The first issue for any astronaut answering a call of nature is their own weightlessness. They can't just sit down on the toilet and emit a sigh of relief. They'd float off again.
It all requires training back on Earth, plenty of practice, then a bit of preparation while on board the ISS. More than anything, it demands a perfect aim.
Our desperate astronaut slips his or her feet into the foot slots. It provides the anchorage to brace themselves in place. Two foam covered handles can be maneuvered across their thighs to help pin themselves onto the toilet bowl. Some astronauts simply reach up and hold onto the ceiling as well.
A clear plastic bag is inserted into the silvery receptacle to their side. It's ready to receive any tissues. Such things cannot be dropped into the bowl beneath them.
Then it's decision time. Number one or number two? They can't happen together, because each is collected and disposed of in different ways. In order to urinate, the male astronauts take a tube attached to the unit. It's placed over their anatomy and they are good to go.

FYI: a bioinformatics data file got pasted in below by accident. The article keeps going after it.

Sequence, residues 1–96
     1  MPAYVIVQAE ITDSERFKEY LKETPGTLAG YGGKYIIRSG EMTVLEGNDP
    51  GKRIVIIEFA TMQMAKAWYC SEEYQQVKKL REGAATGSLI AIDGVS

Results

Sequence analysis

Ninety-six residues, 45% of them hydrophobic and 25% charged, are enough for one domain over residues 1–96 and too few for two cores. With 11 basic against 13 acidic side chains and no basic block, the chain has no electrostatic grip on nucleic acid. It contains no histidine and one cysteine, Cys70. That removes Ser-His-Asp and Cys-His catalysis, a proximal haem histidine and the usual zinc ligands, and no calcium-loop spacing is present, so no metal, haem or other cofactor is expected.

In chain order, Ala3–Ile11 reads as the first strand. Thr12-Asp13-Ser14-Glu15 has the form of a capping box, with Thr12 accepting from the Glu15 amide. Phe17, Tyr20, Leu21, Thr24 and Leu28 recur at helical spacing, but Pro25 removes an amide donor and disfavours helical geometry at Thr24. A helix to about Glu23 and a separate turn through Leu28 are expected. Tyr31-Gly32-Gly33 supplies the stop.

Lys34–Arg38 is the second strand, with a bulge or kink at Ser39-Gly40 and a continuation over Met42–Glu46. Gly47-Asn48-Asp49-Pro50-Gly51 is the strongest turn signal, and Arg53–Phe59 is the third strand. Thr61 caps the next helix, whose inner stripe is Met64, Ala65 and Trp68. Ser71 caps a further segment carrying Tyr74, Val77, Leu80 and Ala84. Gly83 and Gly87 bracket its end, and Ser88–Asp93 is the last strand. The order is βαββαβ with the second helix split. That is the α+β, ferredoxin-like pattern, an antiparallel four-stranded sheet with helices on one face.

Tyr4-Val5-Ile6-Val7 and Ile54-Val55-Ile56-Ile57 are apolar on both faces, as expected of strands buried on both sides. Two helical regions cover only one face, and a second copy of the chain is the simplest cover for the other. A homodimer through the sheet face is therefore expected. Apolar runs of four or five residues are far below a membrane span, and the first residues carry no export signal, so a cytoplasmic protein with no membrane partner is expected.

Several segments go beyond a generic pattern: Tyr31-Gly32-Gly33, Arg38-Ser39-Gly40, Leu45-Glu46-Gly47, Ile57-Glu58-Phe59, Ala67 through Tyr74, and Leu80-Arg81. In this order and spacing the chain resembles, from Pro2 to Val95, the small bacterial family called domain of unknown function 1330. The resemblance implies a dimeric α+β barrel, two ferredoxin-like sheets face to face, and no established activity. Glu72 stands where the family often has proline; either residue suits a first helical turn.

A light flow of air persuades the urine droplets to continue down the tube, instead of floating away. The suction cannot be too great, as that would cause the poor gentleman an injury.
For female astronauts, the method is nearly the same, except they have further choices before they begin. Three different funnels may be attached, each shaped slightly differently in order to gain the closest match. For the ladies, the key here is to position the funnel snug against them. They haven't anything to insert into the tube, unlike the men!
Even more problematic are bowel movements. With the astronaut's rear end pressed as tightly to the toilet seat as possible, they are able to expel their waste. However, they are aiming at a hole just four inches in diameter. This takes a lot of practice to get right!